California is on the cusp of a historic moment. The Golden State is preparing for its second-ever gubernatorial recall election in the state’s history, in which voters will decide whether or not Governor Gavin Newsom (D) should be recalled from office, and if so, who should replace him.
2003 was the only other year in which a recall petition was successful in generating an election for a new governor. That year, Gray Davis was recalled and former actor/bodybuilder Arnold Schwarzenegger was elected into office.
This year, most experts and political commentators aren’t confident any of the 41 candidates who made the ballot have enough star power or backing to be serious competitors to Newsom, who has pretty strong support from the state’s majority Democrats. But, experts also say that if Democrats don’t take the election seriously, and some early polls have shown that many are less engaged in the recall election than Republicans, things could go a different way for Newsom.
The candidates who submitted their paperwork on time and made the ballot are a motley crew that includes people from a number of professions, including celebrities, politicians, academics, pastors — and yes, real estate agents.
David Bramante (R) and Kevin Paffrath (D) are both agents who made the ballot, and are hoping for the chance to make their mark on California politics. Inman recently caught up with both candidates to learn more about why they decided to transition from real estate to governor hopeful. Here’s what they had to say.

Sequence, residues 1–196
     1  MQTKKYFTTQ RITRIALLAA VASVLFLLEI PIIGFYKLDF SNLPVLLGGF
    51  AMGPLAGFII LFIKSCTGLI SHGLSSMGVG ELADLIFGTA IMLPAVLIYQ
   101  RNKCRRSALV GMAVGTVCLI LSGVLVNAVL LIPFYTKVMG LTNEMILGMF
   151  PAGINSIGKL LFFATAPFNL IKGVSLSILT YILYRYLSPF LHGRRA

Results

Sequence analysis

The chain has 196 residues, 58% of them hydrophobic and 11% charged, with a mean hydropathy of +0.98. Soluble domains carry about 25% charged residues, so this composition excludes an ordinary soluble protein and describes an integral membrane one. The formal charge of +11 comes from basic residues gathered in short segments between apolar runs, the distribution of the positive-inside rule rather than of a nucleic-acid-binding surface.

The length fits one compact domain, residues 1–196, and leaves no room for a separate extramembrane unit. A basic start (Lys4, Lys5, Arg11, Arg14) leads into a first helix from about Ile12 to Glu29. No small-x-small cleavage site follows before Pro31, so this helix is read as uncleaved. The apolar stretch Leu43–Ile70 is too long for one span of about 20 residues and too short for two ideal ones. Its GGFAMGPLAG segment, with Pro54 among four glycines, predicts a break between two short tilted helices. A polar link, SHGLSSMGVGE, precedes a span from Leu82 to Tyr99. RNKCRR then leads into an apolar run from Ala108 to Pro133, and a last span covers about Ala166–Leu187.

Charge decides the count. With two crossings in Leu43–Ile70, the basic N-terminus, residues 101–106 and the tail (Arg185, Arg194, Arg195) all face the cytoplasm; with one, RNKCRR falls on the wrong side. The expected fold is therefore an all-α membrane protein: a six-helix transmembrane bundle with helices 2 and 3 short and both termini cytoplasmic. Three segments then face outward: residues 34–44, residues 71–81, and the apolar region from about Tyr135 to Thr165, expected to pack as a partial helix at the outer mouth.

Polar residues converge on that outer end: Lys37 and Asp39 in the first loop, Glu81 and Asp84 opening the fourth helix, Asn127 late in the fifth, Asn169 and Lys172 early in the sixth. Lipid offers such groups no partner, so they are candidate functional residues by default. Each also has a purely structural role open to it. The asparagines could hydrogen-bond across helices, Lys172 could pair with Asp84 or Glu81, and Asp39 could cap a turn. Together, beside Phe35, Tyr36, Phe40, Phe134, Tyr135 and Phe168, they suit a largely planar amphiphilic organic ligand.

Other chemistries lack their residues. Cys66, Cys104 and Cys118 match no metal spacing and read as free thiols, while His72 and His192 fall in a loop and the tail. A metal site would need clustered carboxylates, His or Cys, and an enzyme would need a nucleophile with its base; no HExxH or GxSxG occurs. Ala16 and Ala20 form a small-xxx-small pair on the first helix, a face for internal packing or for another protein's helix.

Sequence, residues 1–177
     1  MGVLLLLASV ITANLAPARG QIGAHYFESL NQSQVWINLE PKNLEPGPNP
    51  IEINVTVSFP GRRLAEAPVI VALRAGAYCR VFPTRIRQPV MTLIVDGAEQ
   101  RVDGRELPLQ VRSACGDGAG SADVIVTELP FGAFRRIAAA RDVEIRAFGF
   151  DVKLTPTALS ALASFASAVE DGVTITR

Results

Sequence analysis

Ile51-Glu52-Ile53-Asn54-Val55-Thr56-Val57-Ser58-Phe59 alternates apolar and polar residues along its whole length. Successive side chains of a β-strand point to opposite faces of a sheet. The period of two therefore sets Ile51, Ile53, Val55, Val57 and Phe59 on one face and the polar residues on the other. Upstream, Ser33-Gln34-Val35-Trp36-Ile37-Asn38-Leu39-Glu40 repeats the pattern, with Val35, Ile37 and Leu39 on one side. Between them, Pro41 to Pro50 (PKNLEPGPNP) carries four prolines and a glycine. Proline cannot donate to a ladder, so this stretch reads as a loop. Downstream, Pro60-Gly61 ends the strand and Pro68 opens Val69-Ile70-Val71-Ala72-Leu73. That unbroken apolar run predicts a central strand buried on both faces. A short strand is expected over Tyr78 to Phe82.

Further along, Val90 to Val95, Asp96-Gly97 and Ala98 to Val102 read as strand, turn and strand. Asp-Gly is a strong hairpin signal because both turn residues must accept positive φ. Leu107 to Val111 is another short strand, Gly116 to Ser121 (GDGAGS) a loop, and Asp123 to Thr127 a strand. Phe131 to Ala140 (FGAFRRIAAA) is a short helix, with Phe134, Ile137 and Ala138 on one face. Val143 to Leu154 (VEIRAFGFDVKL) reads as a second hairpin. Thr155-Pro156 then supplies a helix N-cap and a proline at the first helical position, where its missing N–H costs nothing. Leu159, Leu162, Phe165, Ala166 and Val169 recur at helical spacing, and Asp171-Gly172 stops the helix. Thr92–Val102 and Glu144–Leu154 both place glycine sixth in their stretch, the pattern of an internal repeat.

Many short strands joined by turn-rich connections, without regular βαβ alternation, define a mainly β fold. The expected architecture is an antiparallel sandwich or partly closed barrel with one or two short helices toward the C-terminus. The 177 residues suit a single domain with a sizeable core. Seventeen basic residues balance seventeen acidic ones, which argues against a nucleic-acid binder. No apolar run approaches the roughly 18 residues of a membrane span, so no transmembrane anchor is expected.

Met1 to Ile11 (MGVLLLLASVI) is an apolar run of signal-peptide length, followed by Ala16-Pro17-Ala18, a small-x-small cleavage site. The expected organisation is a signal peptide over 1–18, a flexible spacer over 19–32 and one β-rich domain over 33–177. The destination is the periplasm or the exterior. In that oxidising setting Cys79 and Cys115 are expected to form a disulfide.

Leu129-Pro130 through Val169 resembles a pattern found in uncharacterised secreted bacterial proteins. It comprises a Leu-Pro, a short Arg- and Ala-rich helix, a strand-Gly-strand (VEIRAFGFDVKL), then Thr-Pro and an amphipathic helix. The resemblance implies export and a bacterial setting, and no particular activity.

The Douglas Elliman team leader following his dreams
Between running two businesses and helping raise three kids, David Bramante, who is team leader of The Bramante Group at Douglas Elliman, has never had time to follow sports teams. Instead, he said, he’s been an active spectator of politics.
“For me, tracking politics and what’s going on, because there’s real world ramifications to the policies that are happening, that to me is a real sport that I have been watching my whole life,” Bramante told Inman.
Bramante grew up around politics — his mother studied for and passed the California bar exam as an adult, while raising Bramante and his brother as a single mom — so he developed an interest in it early on in life.
After an initial stint in art school, Bramante ultimately transitioned into studying political science and journalism at UCLA. In recent years, he started thinking more and more about running for some kind of local office, but once the pandemic hit and he saw how much it impacted his own businesses, as well as those of the people around him, he felt like it was time to get involved and start coming up with some solutions.
In addition to getting California’s economy back on track by ending the state’s current state of emergency, Bramante says some of his primary goals as would-be governor include bringing together both sides of the aisle for conversations and healing, and enabling more robust personal liberties.